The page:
Biden, in Chicago to raise money Wednesday, plans to tout his economic achievements

A major “Bidenomics” speech will come against an Illinois backdrop of governments running cities, counties, public schools and the state benefiting enormously from massive infusions of federal cash.

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President Biden Holds First Rally For Reelection With Union Members In Philadelphia

President Joe Biden will deliver a speech on his economic achievements Wednesday in Chicago.

Photo by Mark Makela/Getty Images

WASHINGTON — When President Joe Biden travels to Chicago on Wednesday for a reelection fundraiser, he will also deliver what is being billed by the White House as a “major” speech on his economic achievements, dubbed “Bidenomics.”

With the end of the quarter approaching, Biden’s main fundraiser will be hosted by Gov. J.B. Pritzker and his wife, M.K. Though he does not face a significant primary rival, the president’s team wants a strong showing when the numbers come out in mid-July. Biden is winding up a fundraising blitz that has or will also take him to California, Connecticut, Maryland and New York.

On Friday, another event was added to his schedule — the “Bidenomics” speech — making this Chicago visit a split political and government day, meaning the costs are shared between taxpayers and the Biden political operation.

The Wednesday visit will mark Biden’s first trip to Chicago since he gave the green light for the city to host the 2024 Democratic National Convention, at which he and Vice President Kamala Harris are expected to be nominated for a second term.

White House press secretary Karine Jean-Pierre said Friday that Biden’s “major” address in Chicago will be on “Bidenomics, his vision for growing the economy from the middle out and bottom up, not from the top down.”

She said the president “will highlight how for too long failed trickle-down economic policies have continued to be pushed by congressional Republicans, have hollowed out the middle class and sent jobs overseas. President Biden’s economic plan is a break. It is a break from those failed policies.”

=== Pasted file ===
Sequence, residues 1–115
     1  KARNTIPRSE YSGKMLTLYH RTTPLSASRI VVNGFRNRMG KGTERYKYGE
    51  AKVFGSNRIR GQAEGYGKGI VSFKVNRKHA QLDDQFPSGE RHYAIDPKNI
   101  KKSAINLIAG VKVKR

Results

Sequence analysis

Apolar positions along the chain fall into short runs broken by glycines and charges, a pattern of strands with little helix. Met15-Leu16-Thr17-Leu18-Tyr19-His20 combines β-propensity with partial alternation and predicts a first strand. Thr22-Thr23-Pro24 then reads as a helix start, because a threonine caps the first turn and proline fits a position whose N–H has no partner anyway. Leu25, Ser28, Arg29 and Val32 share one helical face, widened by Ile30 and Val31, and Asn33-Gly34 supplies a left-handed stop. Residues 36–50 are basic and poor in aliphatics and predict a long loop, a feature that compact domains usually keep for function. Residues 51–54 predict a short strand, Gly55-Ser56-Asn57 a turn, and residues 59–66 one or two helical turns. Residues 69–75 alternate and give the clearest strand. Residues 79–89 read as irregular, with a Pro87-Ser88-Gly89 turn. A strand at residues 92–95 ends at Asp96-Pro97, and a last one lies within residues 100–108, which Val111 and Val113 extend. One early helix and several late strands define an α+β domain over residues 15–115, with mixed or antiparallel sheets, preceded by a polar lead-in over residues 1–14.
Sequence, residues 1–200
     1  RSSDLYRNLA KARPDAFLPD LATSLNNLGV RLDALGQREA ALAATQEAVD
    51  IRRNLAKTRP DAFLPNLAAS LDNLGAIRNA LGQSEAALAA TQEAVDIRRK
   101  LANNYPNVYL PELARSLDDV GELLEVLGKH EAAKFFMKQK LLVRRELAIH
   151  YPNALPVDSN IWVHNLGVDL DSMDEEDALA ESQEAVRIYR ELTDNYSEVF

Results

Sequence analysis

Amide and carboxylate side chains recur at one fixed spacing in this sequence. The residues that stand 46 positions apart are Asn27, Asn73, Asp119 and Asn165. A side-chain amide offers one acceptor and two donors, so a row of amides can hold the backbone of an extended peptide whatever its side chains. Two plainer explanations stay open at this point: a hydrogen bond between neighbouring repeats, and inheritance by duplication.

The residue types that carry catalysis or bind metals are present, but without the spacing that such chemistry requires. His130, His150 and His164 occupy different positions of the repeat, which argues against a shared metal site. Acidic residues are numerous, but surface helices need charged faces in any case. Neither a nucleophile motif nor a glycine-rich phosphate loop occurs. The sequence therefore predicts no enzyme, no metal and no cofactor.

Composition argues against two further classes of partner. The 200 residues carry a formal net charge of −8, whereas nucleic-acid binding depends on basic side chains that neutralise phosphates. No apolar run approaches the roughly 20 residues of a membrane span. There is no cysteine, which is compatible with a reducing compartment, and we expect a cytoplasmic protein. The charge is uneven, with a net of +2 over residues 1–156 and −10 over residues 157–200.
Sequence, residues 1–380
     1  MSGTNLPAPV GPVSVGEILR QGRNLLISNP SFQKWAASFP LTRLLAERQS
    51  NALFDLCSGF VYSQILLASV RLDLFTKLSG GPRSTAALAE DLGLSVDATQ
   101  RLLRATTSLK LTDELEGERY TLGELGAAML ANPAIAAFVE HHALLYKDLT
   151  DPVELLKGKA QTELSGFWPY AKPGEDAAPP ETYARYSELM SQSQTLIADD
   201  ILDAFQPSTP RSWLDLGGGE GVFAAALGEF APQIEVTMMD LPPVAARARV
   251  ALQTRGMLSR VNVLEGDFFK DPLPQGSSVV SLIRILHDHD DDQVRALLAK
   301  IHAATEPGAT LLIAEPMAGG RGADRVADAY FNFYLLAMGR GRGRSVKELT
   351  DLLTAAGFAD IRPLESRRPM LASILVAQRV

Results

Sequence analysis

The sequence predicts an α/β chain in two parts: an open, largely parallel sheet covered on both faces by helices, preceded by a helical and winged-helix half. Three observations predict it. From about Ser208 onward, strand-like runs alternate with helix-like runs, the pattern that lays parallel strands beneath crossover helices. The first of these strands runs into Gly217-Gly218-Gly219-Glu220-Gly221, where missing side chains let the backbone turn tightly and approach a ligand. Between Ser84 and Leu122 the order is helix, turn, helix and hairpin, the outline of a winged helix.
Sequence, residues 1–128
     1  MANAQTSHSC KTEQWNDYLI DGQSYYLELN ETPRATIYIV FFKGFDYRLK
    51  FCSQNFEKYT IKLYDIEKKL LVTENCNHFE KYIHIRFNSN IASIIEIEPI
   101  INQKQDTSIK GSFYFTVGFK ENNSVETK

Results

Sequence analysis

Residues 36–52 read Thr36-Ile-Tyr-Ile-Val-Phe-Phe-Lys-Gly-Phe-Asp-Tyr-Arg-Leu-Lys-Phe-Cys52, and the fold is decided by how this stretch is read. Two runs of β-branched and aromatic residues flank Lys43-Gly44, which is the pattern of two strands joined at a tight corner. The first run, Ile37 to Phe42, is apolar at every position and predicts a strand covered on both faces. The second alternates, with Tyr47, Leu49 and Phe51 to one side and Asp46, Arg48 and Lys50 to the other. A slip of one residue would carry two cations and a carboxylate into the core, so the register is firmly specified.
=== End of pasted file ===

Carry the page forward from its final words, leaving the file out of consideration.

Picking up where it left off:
The contours of the Biden-Harris reelection campaign are taking shape. And touting economic achievements, including the creation of 13 million jobs — even as times remain challenging for some — is at the top of the political and government agendas.

On another front, the Biden-Harris campaign will be throwing a spotlight on how the administration is trying to safeguard remaining reproductive freedoms a year after the Supreme Court struck down Roe v. Wade, overturning long-held federal abortion rights. Abortion rights is seen as a rallying issue that will spark voter turnout for the Biden-Harris ticket.

On Friday in Washington, Biden and Harris received the endorsements of the top national reproductive rights groups — Emily’s List, NARAL Pro-Choice America and Planned Parenthood — at an event both attended.

Friday marked the day before the one-year anniversary of that Supreme Court Dobbs decision, and Biden said at the event that, since then, “We’ve seen the devastating effects all across the country: women turned away from emergency rooms, denied lifesaving care; moms, college students, teachers, nurses traveling hundreds of miles to get basic reproductive health care.”

Biden’s Chicago speech comes against an Illinois backdrop of cities, counties, public schools and the state benefiting enormously from massive infusions of budget-balancing federal cash. There has also been, under various Biden administration programs, federal money for local projects — including $20 million for the Englewood Line Trail, $117 million for rebuilding parts of the Metra Union Pacific North Line and $50 million for terminals at O’Hare Airport, among other projects.

Last weekend, Biden previewed what he is likely to say about “Bidenomics” when he spoke at a labor rally in Philadelphia, coming after the early endorsement of the AFL-CIO.

The Biden White House and campaign are pushing the Biden record in “Investing in America” tours, which kicks off another round on Monday. “Bidenomics” is the shorthand that sweeps in:

  • The massive Bipartisan Infrastructure Law.
  • The American Rescue Plan, coming in the wake of the COVID-19 pandemic.
  • The CHIPS and Science Act of 2022, dealing with manufacturing, supply chains and research and development investments. On Friday, the Commerce Department released its road map to channeling federal funding to invest in the semiconductor supply chain and other U.S. supply chain manufacturing.
  • The Inflation Reduction Act, which gives Medicare the power to negotiate lower prescription drug prices.

In Philadelphia, the president said “Bidenomics” is “about building an economy — literally, not figuratively — from the bottom up and the middle out, not the top down. Because when the middle class does well, everybody does well. The poor have a way up, and the wealthy do — do — they just do just fine.

“But like I said, I didn’t just come into office with a theory; I came with a plan. And it started with passing the American Rescue Plan — a plan to vaccinate the nation and get our economy going again,” he said.

Speaking about the infrastructure bill, Biden said of the rare measure passed with GOP votes: “It’s about investing in America and our roads, bridges, ports, airports, clean water, high-speed Internet and so much more.”

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